I’ve heard a fair number of museum people say something like, “visitors will pay $18 to see a two hour movie, but they won’t pay the same for a day-long, life-changing experience at the museum.”
If I’m honest, I’ve never understood why museum people always seem to a) be surprised at this and b) think their museum is life-changing. I’ve also wondered if money is really the barrier we think it is.
The director at the small New England museum I was working at had an interesting theory about this. We didn’t charge an admission fee. Instead, there was a donation basket at the end of the tour. Her feeling was that the amount put into the basket was generally an accurate a reflection of the guest’s enjoyment and satisfaction.
She added that small museums have an image problem of sorts. Unlike the big places that are somewhat consistent, small museums are a very mixed bag. Visitors don’t know what to expect or what kind of service they’ll get. Instead of making them pay for an unknown, she felt we should earn the money by providing a great experience.
How immediate. How simple. So how well does it work?
My next job was at a small county-run historic site. We were also free (your tax dollars at work), and also had a donation basket at the end of the tour.(1) The idea that the better the experience provided, the better the donation seemed to be true. Yes, there were people who paid only the “suggested” donation, but many offered more. There was something of an unofficial and friendly competition amongst the staff to see who could earn more per tour.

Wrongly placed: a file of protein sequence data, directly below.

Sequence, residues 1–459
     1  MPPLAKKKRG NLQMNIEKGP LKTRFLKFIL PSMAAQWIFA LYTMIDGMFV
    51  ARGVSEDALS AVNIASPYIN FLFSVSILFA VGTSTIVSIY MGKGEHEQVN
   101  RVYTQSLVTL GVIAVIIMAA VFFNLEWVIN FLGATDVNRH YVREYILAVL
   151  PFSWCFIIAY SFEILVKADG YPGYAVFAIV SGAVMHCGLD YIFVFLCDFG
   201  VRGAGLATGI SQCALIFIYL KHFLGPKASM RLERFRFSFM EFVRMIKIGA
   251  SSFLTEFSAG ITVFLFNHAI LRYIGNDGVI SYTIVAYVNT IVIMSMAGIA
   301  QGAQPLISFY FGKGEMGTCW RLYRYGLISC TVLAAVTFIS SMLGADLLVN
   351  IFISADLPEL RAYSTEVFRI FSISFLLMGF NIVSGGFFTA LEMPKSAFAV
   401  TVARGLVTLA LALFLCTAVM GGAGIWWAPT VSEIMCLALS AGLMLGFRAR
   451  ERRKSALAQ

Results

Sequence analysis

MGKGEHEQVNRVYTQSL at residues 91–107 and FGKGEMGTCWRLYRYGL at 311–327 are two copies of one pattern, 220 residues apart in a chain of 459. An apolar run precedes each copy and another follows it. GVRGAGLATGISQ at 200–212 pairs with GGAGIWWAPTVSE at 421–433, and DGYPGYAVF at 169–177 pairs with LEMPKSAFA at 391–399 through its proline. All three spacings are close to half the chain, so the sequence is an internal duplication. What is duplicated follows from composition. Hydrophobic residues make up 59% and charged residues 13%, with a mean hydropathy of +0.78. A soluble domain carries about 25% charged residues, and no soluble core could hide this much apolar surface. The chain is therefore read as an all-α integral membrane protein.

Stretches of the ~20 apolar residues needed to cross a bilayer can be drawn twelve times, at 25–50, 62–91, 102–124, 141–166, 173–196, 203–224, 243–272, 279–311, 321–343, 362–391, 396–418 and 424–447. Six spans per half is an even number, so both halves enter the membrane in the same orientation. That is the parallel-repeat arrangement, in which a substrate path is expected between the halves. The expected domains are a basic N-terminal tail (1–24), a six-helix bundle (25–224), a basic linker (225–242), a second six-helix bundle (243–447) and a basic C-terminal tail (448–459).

Putting the donation at the end of the experience helped raise the bar of our tours. However, it did nothing to increase our visitor count. Which brings up an interesting question: if money is a barrier, and we were free, shouldn’t people have been flocking to the site?
They weren’t. Our visitation, like so many historic sites recently, saw visitation highs in the 1990s and then level off and decline since then.
This suggests it’s not money that’s the barrier. Could it be that our story, our interpretation, or our programming wasn’t engaging enough to them?
We never knew. There were never resources for market research to ask people who weren’t at the site why they weren’t coming. The most commonly given reason (unscientifically collected) for why they were coming was that they had passed our large sign on a local pike for years and that day they finally had a moment to stop in.
So maybe the visitors know something we don’t about ticket pricing – that they go to what’s appealing them, avoid what’s not, and money is not necessarily the reason.
- It had a sign saying “Donations gleefully accepted.”